|Country:||United States of America (USA)|
Purchase Columbus Hops
This hop can be purchased at Yakima Valley Hops.
Origin and Geneology of the Columbus Hop
Columbus has an unknown origin. It is often referred to as CTZ (Columbus / Tomahawk / Zeus) due to Hopunion and YCH attempting to register the same hop with different names. After an agreement was reached between the two names, both names were registered. They are technically the same hop however. It is genetically distinct from Zeus hops, but has a very similar profile.
The exact lineage of Columbus is unknown, however it is widely assumed that Brewer’s Gold and several undisclosed American varieties played significant parenting roles. It was developed in the 1980s by Charles Zimmerman who had worked for the U.S. Department of Agriculture until 1979 and who subsequently held positions with various private hop-processing and trading companies.
Flavor & Aroma Profile of Columbus Hops
Columbus is a dual-purpose hop that can be used in all hop additions throughout the brewing process.
Specific aroma descriptors of the Columbus hop includes earthiness, black pepper, licorice, spice (curry) and subtle citrus. The floral and citrus notes from the Columbus hop come out in both aroma and flavor, but can be pungent. This strong flavor and aroma make the Columbus hop great for late additions to a boil or dry-hopping.
Read More: The Rise and Eventual Fall of the CTZ Hop
Brewing Values for Columbus Hops
These are the common ranges that we've seen with Columbus hops over the years. Each year's crop can yield hops that have slightly different qualities, so these number ranges are based on history.
|Alpha Acid % (AA)|
Alpha acids are the main source of bitterness in beer. Longer boil times will result in isomerization of more alpha acids leading to increased bitterness. Learn more »
|Beta Acid %Beta acids are a component of hop resins responsible for contributing volatile aromatic and flavor properties. Beta acids contribute no bitterness.||4.5-6%5.3% avg|
|Alpha-Beta RatioThe ratio of alpha to beta acids dictates the degree to which bitterness fades during aging. 1:1 ratios are common in aroma varieties.||2:1 - 4:13:1 avg|
|Hop Storage Index (HSI)The HSI indicates the percent of alpha and beta acids lost after 6 months of storage at room temperature (68°F or 20°C).||45% (Poor) 0.40-0.50|
|Co-Humulone as % of AlphaLow cohumulone hops may impart a smoother bitterness when added to the boil as opposed to higher ones that add a sharper bitterness to the final beer. Learn more »||28-35%31.5% avg|
|Total Oils (mL/100g)These highly volatile, not very soluble oils are easily boiled off, but add flavor and aroma to the finished beer when added very late in the boil or during fermentation. Learn more »||2.5-4.5 mL3.5mL avg|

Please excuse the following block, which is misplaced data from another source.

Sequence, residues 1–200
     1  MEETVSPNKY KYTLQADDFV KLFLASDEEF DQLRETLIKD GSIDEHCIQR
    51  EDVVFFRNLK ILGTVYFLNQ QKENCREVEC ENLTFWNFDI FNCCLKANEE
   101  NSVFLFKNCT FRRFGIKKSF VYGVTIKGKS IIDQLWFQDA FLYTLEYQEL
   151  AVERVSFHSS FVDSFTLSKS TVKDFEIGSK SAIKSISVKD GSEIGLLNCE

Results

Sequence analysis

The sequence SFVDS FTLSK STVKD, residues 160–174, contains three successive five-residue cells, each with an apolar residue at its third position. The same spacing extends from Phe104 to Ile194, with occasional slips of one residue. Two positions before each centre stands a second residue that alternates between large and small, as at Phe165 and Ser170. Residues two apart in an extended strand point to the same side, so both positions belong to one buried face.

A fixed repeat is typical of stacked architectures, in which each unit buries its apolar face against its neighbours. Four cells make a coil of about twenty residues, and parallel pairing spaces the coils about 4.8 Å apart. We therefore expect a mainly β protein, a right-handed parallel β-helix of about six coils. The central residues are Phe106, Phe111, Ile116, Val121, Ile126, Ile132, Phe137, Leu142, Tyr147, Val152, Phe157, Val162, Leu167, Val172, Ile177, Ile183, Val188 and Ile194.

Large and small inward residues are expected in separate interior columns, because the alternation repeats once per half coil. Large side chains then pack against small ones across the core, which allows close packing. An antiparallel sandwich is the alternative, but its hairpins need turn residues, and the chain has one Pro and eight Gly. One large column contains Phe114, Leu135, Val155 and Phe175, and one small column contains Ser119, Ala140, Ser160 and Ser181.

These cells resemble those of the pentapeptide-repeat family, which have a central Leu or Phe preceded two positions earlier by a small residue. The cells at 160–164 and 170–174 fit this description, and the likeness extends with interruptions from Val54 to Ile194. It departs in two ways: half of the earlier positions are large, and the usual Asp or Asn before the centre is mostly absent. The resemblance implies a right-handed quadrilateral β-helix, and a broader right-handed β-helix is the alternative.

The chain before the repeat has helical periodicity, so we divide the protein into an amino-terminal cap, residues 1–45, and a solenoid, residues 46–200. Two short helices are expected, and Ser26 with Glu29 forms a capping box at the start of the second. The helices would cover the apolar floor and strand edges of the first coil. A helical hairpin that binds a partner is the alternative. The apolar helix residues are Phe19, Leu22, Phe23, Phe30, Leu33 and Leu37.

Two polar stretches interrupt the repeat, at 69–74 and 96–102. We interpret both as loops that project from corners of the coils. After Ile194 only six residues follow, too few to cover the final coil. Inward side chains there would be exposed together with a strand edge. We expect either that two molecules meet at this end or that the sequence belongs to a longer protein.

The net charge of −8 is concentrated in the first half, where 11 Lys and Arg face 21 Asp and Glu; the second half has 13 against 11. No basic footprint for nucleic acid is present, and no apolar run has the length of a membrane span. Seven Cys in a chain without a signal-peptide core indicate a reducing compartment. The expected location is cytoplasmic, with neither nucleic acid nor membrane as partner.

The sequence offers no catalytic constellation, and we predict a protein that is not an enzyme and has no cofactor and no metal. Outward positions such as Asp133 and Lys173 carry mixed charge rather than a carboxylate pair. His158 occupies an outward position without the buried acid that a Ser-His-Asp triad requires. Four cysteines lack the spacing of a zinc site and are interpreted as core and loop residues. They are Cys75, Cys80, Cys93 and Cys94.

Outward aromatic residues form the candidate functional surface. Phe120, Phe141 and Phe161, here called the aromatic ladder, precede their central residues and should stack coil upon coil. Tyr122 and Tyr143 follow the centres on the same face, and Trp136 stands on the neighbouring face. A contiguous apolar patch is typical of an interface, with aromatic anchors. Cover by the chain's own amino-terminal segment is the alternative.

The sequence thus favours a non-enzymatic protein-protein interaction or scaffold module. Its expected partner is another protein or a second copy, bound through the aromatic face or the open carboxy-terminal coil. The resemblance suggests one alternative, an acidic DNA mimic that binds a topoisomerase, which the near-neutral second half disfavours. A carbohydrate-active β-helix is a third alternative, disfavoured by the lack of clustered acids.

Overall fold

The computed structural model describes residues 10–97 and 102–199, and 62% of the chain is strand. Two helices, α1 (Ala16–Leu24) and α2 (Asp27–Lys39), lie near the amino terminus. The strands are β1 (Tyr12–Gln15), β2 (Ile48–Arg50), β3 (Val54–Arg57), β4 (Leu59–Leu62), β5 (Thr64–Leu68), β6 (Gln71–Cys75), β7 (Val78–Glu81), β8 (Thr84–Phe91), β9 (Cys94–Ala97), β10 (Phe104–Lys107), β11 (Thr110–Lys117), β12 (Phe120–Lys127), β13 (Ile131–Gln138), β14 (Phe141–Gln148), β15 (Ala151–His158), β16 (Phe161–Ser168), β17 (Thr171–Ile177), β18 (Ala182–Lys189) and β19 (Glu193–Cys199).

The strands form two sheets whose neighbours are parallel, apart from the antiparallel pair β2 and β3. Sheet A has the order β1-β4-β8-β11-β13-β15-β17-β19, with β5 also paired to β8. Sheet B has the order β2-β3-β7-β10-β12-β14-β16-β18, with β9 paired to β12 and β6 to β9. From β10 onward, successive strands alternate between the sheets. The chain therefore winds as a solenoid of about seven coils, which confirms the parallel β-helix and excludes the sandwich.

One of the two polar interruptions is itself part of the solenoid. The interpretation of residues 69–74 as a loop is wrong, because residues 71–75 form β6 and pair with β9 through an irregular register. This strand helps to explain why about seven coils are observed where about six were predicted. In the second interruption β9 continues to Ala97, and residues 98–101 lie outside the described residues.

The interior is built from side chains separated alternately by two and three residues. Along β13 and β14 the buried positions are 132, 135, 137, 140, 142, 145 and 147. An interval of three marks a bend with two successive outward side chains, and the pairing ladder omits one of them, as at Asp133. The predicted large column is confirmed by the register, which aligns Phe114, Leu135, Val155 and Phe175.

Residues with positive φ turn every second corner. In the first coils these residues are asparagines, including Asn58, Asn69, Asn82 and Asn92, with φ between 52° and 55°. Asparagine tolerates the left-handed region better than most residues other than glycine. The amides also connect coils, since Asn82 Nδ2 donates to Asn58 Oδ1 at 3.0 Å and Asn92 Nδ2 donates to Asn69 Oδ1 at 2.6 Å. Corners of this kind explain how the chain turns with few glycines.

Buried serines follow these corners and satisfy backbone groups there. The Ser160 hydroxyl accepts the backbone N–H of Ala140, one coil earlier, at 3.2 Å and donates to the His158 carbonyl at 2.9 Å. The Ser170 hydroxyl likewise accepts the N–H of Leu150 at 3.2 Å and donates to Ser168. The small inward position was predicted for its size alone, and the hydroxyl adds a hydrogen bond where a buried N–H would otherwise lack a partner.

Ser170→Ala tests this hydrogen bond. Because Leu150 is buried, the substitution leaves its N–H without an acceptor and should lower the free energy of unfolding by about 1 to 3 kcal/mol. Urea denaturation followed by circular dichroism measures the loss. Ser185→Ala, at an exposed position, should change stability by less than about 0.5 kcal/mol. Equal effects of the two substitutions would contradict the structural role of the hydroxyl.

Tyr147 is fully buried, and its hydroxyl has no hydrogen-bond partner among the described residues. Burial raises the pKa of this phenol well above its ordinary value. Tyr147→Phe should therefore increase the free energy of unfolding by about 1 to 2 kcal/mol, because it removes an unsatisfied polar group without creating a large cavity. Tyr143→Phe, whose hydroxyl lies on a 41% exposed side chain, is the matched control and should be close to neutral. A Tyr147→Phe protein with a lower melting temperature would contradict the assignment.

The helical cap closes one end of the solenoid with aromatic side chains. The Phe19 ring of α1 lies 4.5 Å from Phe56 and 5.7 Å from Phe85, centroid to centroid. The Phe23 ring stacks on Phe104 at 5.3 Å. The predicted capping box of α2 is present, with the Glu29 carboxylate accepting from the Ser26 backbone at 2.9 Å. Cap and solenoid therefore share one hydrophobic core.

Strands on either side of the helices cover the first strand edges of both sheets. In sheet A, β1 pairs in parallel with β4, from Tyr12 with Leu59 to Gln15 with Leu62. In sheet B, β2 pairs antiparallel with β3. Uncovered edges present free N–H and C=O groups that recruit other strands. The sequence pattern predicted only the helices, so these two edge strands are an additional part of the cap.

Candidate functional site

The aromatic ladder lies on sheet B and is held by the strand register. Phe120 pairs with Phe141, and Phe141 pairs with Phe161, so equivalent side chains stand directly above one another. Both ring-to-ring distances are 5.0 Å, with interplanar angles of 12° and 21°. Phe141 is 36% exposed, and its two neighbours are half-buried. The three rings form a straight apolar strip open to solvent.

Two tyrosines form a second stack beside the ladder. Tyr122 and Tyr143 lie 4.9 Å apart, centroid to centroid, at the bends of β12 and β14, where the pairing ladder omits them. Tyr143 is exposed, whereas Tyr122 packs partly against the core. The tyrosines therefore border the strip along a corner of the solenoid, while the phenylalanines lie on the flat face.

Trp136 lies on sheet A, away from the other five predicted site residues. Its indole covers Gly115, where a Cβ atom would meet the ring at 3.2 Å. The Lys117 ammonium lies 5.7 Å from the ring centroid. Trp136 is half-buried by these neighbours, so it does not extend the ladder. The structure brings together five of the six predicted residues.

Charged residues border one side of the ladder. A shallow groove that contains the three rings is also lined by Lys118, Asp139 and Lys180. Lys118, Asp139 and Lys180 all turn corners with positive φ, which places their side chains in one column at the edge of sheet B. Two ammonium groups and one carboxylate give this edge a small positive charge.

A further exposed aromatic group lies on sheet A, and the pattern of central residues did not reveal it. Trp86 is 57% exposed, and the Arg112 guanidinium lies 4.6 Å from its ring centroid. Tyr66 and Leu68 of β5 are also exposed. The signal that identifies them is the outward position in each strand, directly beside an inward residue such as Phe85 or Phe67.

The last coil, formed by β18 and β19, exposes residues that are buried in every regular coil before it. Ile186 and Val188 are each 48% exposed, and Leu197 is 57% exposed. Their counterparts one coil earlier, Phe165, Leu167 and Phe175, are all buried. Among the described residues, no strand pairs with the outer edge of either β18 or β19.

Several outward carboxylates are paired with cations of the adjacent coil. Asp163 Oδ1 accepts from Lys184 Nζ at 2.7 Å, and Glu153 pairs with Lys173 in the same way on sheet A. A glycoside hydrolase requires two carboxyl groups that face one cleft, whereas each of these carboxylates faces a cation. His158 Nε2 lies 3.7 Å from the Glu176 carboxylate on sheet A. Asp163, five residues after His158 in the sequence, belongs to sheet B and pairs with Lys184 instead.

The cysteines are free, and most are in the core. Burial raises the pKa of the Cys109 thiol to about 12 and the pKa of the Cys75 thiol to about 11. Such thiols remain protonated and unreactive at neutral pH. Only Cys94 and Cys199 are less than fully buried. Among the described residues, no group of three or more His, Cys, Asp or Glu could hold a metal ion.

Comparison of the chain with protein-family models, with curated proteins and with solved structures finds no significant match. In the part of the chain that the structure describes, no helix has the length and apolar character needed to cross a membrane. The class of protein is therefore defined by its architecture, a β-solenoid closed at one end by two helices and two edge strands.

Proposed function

|Total Oil Breakdown:|
|› MyrceneFlavors: resinous, citrus, fruity (β-myrcene)||45-55%50% avg|
|› HumuleneFlavors: woody, noble, spicy (α-caryophyllene)||9-14%11.5% avg|
|› CaryophylleneFlavors: pepper, woody, herbal (β-caryophyllene)||6-10%8% avg.|
|› FarneseneFlavors: fresh, green, floral (β-farnesene)||0-1%0.5% avg|
|› All OthersIncluding β-pinene, linalool, geranoil & selinene||20-40%|
Hop Pairings with Columbus Hops
Some hops just taste better together. We recently analyzed  hundreds of the most popular beers to find which hops are commonly paired together. We found that Centennial, Chinook, Citra, Simcoe, Cascade & Amarillo hops are commonly used alongside the Columbus hop. This is not a complete list, but should give you a good idea of what hops are commonly used together.
Here is the relative frequency of the top 6 hops that are used with Columbus:
Beer Styles using Columbus Hops
Some popular beer styles that make use of the Columbus hop include IPA, American Pale Ale, Stout, Barleywine & Lager.
Columbus Hop Substitutions
If the Columbus hop is hard to find or if you are simply out of it on brew day, you can try to substitute it with a similar hop. The old way of choosing replacement hops was done by experience and "feel". There is nothing wrong with that way. However, we wanted to build a data-driven tool to find your Columbus substitutions.
Experienced brewers have chosen the following hops as substitutions of Columbus:
Is Columbus available in lupulin powder?
Yes! There is a version of the Columbus hop in lupulin powder form. Columbus lupulin powder is suggested to be used at about half the amount as you'd normally use with pellets. The Cryo/LupuLN2 (Yakima Chief Hops), Lupomax (Haas) and Hopsteiner products are pure concentrated lupulin powder, which add big flavor when used in the whirlpool or dry hop additions.
Columbus Hop Statistics
We love statistics. We've analyzed hundreds of IPAs, dug into the Hop Growers of America's annual reports and researched the history behind some of the most popular beer ingredients. Here are a few of the things we've found interesting about the Columbus hop:
- In 2019, the CTZ mix of hops was the number one hop in terms of production yield in the United States.
- Over 17 million pounds of CTZ hops were harvested in 2019.
- CTZ has been the most produced hop in the US for the last 5 years.
If you see an error in our data, please let us know!
We are not affiliated with any hop manufacturer. All copyrights and data are provided by their respective owners.